groups of assistance

Joining support groups can offer a feeling of connection, understanding, and encouragement, whether they are for couples or single people with dual diagnoses. On the road to recovery, getting support, learning from others, and sharing experiences may all be quite helpful.

Five useful ways to help a spouse who has two diagnoses

It’s critical for both your relationship’s health and the well-being of your partner with a dual diagnosis to support them. Here are five efficient ways to offer assistance:

Become knowledgeable: Find out about the symptoms, available treatments, and dual diagnosis. Being aware of your partner’s experiences will enable you to provide knowledgeable support.

Urge your partner to get professional assistance: Support them in getting therapy and treatment for their dual diagnosis. Offer to be their support system and go with them to appointments.

Encourage open communication by setting up a secure environment in which your spouse may share their thoughts and feelings. Acknowledge their experiences and listen to them without passing judgement.

Being dual diagnosed can be a difficult and drawn-out process, so have patience and understanding. Be kind and patient with your partner while they work through their recuperation. Steer clear of criticism and blaming.

It can be taxing to support a partner who has two diagnoses; look after yourself first. To overcome the obstacles together, put self-care first, ask friends or support groups for help, and think about couples counselling.


It can be difficult and confusing to manage dual diagnoses in a married couple.

This section will answer some commonly asked questions concerning the effects of dual diagnosis on children, the efficacy of couples therapy, the likelihood of a happy marriage, the function of support groups in the therapeutic process, and the ways in which friends and family can provide assistance.

How can a married couple’s children suffer from dual diagnosis?

Because it can create an unstable and stressful atmosphere, dual diagnosis might have an indirect effect on children in a marriage. Prioritising their well-being and getting expert assistance is crucial if you want to lessen the effects and give them a secure, supportive household.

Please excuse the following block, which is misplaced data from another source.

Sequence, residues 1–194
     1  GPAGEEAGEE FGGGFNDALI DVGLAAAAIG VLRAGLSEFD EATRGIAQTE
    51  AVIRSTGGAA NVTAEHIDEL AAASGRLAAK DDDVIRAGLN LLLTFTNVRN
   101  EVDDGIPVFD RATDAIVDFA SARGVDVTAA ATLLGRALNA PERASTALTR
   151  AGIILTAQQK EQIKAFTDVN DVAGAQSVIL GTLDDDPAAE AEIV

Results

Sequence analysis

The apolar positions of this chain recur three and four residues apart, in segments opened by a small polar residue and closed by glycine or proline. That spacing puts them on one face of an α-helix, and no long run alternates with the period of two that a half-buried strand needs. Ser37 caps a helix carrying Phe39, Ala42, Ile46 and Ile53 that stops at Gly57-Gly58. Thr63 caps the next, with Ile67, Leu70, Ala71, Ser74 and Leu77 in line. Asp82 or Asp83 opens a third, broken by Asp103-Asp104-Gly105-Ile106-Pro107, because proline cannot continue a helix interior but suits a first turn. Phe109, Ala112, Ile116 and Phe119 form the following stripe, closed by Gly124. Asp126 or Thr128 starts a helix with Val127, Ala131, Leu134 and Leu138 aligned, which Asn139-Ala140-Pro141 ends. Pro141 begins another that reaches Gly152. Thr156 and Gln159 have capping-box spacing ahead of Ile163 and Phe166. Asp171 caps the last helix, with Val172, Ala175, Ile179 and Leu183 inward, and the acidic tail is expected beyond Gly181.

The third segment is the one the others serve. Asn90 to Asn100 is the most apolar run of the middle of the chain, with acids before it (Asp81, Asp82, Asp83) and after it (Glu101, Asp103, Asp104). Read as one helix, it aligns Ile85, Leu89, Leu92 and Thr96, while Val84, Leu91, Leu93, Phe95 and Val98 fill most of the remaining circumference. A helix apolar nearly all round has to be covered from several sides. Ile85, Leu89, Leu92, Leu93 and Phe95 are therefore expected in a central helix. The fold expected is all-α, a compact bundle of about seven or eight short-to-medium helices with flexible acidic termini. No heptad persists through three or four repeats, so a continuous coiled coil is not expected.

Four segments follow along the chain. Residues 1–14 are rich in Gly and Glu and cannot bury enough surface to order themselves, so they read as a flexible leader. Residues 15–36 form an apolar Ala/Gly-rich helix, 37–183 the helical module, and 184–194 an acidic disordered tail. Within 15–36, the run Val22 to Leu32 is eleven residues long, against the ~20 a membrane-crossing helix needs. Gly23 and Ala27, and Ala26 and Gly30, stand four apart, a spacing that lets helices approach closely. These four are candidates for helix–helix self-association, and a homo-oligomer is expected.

Is there a real benefit to couples therapy for dual diagnosis?

Absolutely, couples who are dealing with dual diagnoses may benefit from couples therapy. It helps manage dual diagnosis on an individual and relational level by offering a safe space to talk about problems, enhance communication, build coping mechanisms, and fortify the bond.

Is dual diagnosis a viable outcome for a marriage?

With the right care and support, it is possible to overcome dual diagnoses in a married couple. It calls for dedication, comprehension, and a readiness to collaborate as a team. Despite these obstacles, the likelihood of a happy marriage can be considerably increased by getting professional assistance and creating a support system.

What part do support groups play in helping couples who are treating dual diagnoses?

Support groups are essential when treating couples with dual diagnoses. They provide support, direction, a sense of belonging, and a sharing of experiences. Support groups offer a secure environment for discussing emotions, picking up coping mechanisms, and getting approval, which promotes empathy and camaraderie.

How can friends and relatives help a married couple who is dealing with two diagnoses?

Support from friends and family can be quite helpful for a couple dealing with two diagnoses. They can provide support, empathy, and a listening ear. Small acts of kindness like offering to watch the kids, helping out around the house, or going to therapy with them can lighten the load and demonstrate compassion and support.

The path ahead

Although managing two diagnoses in a married relationship might be difficult, a better future is possible. Couples can travel through this trip together by getting expert assistance, making use of therapy choices, and developing a strong support network.

Patience, education, and communication are essential. It is feasible to manage dual diagnosis and fortify the relationship between partners with the correct resources and assistance.

Couples can find a way to healing, development, and a happy life together by putting self-care first, getting help when needed, and being devoted to one another. There is hope for a strong and happy marriage, and you are not alone.